About This Chapter
Standard: Write routinely over extended time frames (time for research, reflection, and revision) and shorter time frames (a single sitting or a day or two) for a range of discipline-specific tasks, purposes, and audiences. (CCSS.ELA-Literacy.W.7.10)
About This Chapter
Students who exhibit range in their writing skills are able to develop ideas and communicate them in written form within a given time frame. In addition, 7th graders should be able to effectively respond to a variety of writing prompts or tasks. After studying the chapter's video lessons, your students should be able to do the following:
- Write a strong essay in a timed setting
- Identify the components of good essays
- Organize an essay effectively
- Describe the five-paragraph essay structure
- Write engaging introductions
- Explain the purpose of an essay's thesis statement
When students have mastered this Common Core standard, they'll be able to analyze prompts, write their responses in essay form and revise their work within a certain period of time. You'll notice that students who have a firm understanding of this standard are able to develop thesis statements and supporting details that fit the needs of a particular audience or essay type. Having these skills, which are reinforced by our lessons in this chapter, are essential to the academic success of middle schoolers as they progress to high school and beyond.
How to Use These Lessons in Your Classroom
The following list offers some ideas on how you can incorporate the lessons related to this writing standard into your teaching plans:
Organize Practice Brainstorming Sessions
After your students watch the video lessons on writing well and writing a strong essay quickly, have them come up with a writing prompt independently. Collect the prompts and redistribute them so that each student has a classmate's prompt. Give the students a short time frame to brainstorm ideas for the writing topic they've been provided. Go over the prompts and students' prewriting ideas as a class.
Let Students Teach the Class
Divide the students into groups and assign each one a lesson from the chapter. Group members should watch the video and then come up with a short presentation about the topics discussed in the lesson. For example, the students assigned the lesson on thesis statements could educate their classmates on the characteristics of a good thesis and the types of essays requiring a thesis statement.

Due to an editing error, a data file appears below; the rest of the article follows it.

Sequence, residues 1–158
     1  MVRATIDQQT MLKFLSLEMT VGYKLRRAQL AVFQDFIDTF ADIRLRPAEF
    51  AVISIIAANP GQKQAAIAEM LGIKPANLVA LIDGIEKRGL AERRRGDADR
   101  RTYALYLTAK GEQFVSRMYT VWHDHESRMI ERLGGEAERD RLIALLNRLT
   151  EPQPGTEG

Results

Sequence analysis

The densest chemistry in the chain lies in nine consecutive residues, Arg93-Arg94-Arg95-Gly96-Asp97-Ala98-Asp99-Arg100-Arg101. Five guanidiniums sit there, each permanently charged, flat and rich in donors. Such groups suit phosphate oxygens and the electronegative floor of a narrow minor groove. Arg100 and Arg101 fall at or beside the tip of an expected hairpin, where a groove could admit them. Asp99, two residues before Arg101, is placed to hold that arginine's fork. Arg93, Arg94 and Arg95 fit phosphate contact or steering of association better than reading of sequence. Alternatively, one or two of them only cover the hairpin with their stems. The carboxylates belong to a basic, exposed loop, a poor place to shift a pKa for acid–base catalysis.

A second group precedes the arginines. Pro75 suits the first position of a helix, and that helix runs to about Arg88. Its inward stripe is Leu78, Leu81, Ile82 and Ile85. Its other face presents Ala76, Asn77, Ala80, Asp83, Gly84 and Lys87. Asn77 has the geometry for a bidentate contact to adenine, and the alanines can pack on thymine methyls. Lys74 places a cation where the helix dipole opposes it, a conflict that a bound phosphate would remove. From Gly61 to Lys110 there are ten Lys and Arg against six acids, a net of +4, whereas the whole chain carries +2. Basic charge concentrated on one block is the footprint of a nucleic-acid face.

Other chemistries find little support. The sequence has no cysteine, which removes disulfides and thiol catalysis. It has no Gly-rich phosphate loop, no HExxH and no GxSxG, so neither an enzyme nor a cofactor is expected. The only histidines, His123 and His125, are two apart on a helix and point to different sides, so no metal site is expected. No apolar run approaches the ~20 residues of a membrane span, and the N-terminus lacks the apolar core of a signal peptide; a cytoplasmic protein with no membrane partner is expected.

Test Students' Organization Skills
As a class, watch the video lessons on essay organization and basic essay structure. Next, provide students with a sample essay that contains paragraphs out of order. Have each student independently identify the structural errors and determine the appropriate placement of each paragraph according to essay organization standards. Go over the assignment and the correct format of the sample essay as a class.
1. How to Write a Great Essay Quickly
Many tests will require you to write a timed essay. You may feel panicked at the idea of having to produce a high-quality essay under a tight time constraint. But you can relax: this video shows you four basic steps to follow so that you can write a great essay quickly.
2. How to Write Well: What Makes Writing Good?
From great ideas to great execution, learn what makes writing 'good' and how to transform your writing from 'okay' to accomplished through the use of specific examples, great ideas, and organization.
3. How to Organize an Essay
In this video, we will cover the steps involved in organizing an essay. We'll talk about titles, introductory paragraphs, concluding paragraphs, main points, transition statements and editing.
4. Basic Essay Structure: The Five-Paragraph Essay
Working with an established essay structure provides writers with the necessary elements of a successful essay. In this lesson, we'll work through the drafting process for the five-paragraph essay and make note of important dos and don'ts.
5. Essay Introduction: Write a Thesis and Capture Your Audience
We'll look at the importance of the introductory paragraph and engaging your audience through the use of attention getters, a bridge, and an arguable thesis. Three of the most common attention getters are specifically defined, and examples are provided in this lesson.
6. What is a Thesis Statement?
Before we can talk about how to write a great thesis statement, you need to be able to identify a great thesis when you see one. Contrary to what you may have been taught, a thesis is so much more than just the last sentence of the opening paragraph of an essay.
Earning College Credit
Did you know… We have over 200 college courses that prepare you to earn credit by exam that is accepted by over 1,500 colleges and universities. You can test out of the first two years of college and save thousands off your degree. Anyone can earn credit-by-exam regardless of age or education level.
To learn more, visit our Earning Credit Page
Transferring credit to the school of your choice
Not sure what college you want to attend yet? Study.com has thousands of articles about every imaginable degree, area of study and career path that can help you find the school that's right for you.
Other chapters within the Common Core ELA Grade 7 - Writing: Standards course
- Argumentative Writing Introduction: CCSS.ELA-Literacy.W.7.1A
- Reasoning & Evidence for Arguments: CCSS.ELA-Literacy.W.7.1B
- Phrases & Clauses: CCSS.ELA-Literacy.W.7.1C
- Writing Style: CCSS.ELA-Literacy.W.7.1D
- Supporting Conclusions: CCSS.ELA-Literacy.W.7.1E
- Informative & Explanatory Texts: CCSS.ELA-Literacy.W.7.2A-F
- Narrative Writing: CCSS.ELA-Literacy.W.7.3A-E
- Production & Distribution of Writing: CCSS.ELA-Literacy.W.7.4-6
- Research to Build & Present Knowledge: CCSS.ELA-Literacy.W.7.7-8
- Text Analysis: CCSS.ELA-Literacy.W.7.9